It looks like the Green Bay Packers have moved past a rocky ending to the Brett Favre era. Packers president and CEO Mark Murphy promised last week that the franchise would retire the iconic jersey No. 4 of the former quarterback, who spent 16 of his 20 NFL seasons in Green Bay. With Favre back in the news (not for another comeback attempt, we can only pray), ThePostGame looked at some other decorated athletes who donned No. 4.

Best Athletes To Wear No. 4 Slideshow


Bobby Orr

Perhaps the greatest defenseman in NHL history, Orr wore sweater No. 4 throughout his 12-year career. Orr won two Stanley Cups with the Boston Bruins, claiming the Conn Smythe trophy for playoff MVP both times, and has the second highest plus/minus in NHL history.


Lou Gehrig

Gehrig didn't choose his No. 4 -- it merely denoted his position in the batting order, as was customary for the era. But after 2,130 consecutive games wearing it, Gehrig and No. 4 became inextricably linked. The Murderer's Row first baseman is fifth all-time in on-base percentage and runs batted in.


Mel Ott

Like Gehrig, Ott wore No. 4 based on his cleanup-hitting position in the New York Giants batting order. In 22 seasons, 15 of them spent with No. 4 on his back, Ott tallied 511 home-runs, 1,860 RBIs and a .414 on-base percentage.


Joe Dumars

As shooting guard for the Detroit Pistons, Dumars helped forge the cutthroat defensive identity that carried the "Bad Boys" to consecutive championships in 1989 and 1990. Though Dumars doesn't wear No. 4 in his front office job, he was the architect of another Motown championship squad in 2004.


Brett Favre

The No. 4 on Favre is most identifiable in a Green Bay uniform, but he also wore it in his rookie year with the Atlanta Falcons and later with the New York Jets and Minnesota Vikings. An 11-time Pro Bowler, Favre is the NFL's all-time leader in touchdown passes ... and interceptions.


Adrian Dantley

A gifted scorer in college and the pros, Dantley started out as No. 44 with Notre Dame and the Buffalo Braves before dropping one digit. Dantley wore No. 4 for most of his career before joining Dumars in Detroit and switching to No. 45. Dantley, who averaged 24.3 points in 15 NBA seasons, now works as a crossing guard in Silver Spring, Md. Nope, that's not a misprint.


Scott Stevens

One of the best defensemen in recent memory, Stevens won three Stanley Cup titles and a 2000 Conn Smythe trophy. Stevens didn't wear No. 4 before joining the New Jersey Devils in 1991, but ended up spending more than half of his 22-year career in that uniform.


Duke Snider

The Duke of Flatbush supplied middle of the order pop for several pennant winning Brooklyn Dodger teams of the 1940s and 1950s. Too bad guys named Mickey Mantle and Willie Mays played centerfield in New York around the same time.


Chris Webber

From his Michigan days to the NBA, Webber was almost always a No. 4. Although he is not yet eligible for the Hall of Fame, Webber had his jersey retired by the Sacramento Kings in 2009. With 15-year career averages of 20.7 points and 9.8 rebounds, Webber seems ticketed for Springfield eventually.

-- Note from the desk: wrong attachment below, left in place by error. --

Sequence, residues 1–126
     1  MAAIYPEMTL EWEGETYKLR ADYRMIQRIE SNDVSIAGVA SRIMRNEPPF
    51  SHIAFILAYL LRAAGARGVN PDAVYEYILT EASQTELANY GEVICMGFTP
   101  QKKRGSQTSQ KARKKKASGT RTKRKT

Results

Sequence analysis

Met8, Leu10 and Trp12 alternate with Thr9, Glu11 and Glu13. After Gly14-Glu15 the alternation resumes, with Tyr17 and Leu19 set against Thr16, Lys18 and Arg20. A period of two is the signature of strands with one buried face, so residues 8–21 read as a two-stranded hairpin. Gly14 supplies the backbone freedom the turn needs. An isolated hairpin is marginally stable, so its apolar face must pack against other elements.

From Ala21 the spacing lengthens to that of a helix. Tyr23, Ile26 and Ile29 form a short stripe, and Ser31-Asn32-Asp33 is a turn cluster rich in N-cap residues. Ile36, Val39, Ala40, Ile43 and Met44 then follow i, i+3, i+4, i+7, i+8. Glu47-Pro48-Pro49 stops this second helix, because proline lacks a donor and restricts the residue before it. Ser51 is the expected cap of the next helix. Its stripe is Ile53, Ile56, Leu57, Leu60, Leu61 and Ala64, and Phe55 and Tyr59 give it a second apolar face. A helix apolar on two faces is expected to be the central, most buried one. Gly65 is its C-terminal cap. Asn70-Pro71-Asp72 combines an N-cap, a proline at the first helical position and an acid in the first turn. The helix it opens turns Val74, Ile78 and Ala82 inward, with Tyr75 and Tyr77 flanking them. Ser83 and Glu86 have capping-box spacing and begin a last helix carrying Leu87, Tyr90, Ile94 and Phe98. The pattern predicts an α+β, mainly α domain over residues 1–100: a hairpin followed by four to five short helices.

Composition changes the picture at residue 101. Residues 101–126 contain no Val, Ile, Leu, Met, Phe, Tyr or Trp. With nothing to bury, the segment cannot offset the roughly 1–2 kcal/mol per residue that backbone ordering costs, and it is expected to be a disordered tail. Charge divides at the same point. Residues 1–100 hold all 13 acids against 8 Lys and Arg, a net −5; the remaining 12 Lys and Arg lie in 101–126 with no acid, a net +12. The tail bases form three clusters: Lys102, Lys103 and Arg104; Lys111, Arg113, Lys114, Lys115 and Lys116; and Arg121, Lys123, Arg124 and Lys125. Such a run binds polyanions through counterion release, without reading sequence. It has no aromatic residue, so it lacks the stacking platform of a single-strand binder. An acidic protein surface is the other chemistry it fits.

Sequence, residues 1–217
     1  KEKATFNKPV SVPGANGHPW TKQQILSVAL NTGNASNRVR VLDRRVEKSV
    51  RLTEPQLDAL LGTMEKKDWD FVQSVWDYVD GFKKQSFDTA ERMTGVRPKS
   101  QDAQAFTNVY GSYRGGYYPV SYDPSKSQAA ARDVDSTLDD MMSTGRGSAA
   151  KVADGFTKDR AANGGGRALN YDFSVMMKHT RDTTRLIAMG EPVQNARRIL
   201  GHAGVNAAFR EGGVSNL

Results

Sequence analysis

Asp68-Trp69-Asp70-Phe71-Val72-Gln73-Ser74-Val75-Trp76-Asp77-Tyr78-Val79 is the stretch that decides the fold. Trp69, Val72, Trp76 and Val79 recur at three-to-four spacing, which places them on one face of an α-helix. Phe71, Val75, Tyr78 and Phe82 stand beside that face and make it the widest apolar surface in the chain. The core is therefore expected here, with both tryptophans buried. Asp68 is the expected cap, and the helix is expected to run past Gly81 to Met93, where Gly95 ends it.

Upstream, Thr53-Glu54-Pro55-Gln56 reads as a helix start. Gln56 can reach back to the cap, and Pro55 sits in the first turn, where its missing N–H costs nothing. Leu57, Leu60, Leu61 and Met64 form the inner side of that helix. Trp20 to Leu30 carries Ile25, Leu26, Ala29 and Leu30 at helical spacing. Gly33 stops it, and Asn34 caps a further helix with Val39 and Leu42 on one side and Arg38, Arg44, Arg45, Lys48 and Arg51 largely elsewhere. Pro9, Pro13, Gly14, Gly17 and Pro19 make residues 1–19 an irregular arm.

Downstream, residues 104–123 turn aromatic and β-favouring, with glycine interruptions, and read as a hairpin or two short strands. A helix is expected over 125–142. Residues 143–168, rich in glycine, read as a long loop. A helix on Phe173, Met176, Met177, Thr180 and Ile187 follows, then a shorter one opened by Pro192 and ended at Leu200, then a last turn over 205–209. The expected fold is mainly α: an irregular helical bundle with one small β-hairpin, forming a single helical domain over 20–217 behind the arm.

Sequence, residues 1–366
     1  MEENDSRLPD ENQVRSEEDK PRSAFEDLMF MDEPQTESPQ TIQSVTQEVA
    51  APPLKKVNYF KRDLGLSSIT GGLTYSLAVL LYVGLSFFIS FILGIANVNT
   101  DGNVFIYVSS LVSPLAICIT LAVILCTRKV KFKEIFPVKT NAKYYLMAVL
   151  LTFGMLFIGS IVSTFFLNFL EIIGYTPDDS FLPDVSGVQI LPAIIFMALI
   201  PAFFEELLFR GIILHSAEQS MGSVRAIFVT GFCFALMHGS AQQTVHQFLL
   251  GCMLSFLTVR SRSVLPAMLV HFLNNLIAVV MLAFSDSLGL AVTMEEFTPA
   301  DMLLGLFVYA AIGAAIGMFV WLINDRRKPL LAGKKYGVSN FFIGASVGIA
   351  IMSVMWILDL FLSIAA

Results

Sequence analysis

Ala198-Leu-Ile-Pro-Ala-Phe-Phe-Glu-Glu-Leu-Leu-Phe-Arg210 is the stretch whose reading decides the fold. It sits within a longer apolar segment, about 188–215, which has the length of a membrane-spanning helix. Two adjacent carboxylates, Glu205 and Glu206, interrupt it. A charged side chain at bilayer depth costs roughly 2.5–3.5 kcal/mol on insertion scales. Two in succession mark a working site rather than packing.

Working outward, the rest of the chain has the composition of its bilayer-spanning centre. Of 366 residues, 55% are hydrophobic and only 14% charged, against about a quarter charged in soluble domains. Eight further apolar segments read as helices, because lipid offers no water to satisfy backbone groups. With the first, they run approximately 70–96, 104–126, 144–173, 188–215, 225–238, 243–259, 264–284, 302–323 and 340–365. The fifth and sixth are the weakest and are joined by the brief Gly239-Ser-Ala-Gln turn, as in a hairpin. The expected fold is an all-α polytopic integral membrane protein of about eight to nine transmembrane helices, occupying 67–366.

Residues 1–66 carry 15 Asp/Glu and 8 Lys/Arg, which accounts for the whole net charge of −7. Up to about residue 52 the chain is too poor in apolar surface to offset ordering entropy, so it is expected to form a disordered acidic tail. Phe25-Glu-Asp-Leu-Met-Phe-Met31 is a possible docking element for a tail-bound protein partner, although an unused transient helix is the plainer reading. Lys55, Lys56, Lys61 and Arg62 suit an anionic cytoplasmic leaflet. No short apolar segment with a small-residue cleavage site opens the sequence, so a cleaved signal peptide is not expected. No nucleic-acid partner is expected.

Paul Molitor

While setting the standard for future glove-challenged sluggers like Edgar Martinez and David Ortiz, designated hitter Molitor wore No. 4 for 18 of his 21 big league seasons. Unlike most hulking modern-day DHs, Molitor also brought speed to his game, swiping 504 career bags.


Ralph Kiner

Kiner was a six-time All-Star outfielder in only 10 years, donning No. 4 in eight of them. Kiner had five seasons with more than 40 home runs and six with more than 100 RBIs to finish with 369 and 1,015, respectively.


Jerry Sloan

Though better known as a coach than as a player, Sloan's career with the Chicago Bulls was good enough to have his jersey retired by the team. In fact, his No. 4 was the first number raised to the rafters in franchise history.


Dolph Schayes

One of the NBA's first great players, Schayes wore No. 4 for all 15 years of his career, 14 with the Syracuse Nationals. Big man Schayes averaged 18.5 points from 1949 to 1964.


Jean Beliveau

In 18 full seasons with the Montreal Canadiens, Beliveau, a center, won 10 Stanley Cup championships, two Hart Memorial trophies for regular season MVP, one Art Ross trophy for top point scorer and one Conn Smythe trophy. He wore No. 4 all 18 years.


Red Kelly

A defenseman from with the Detroit Red Wings and Toronto Maple Leafs 1947 to 1967, Kelly brought a good reputation to the No. 4 uniform, winning four Lady Byng Memorial trophies for "player who displays gentlemanly conduct." Despite his well-mannered behavior, the 12-time All-Star and eight-time Stanley Cup winner was certainly no slouch on the ice.


Bill Gadsby

A defenseman with three teams from 1946 to 1966, Gadsby was an eight-time All-Star. He suited up in No. 4 for the final 16 seasons of his career.

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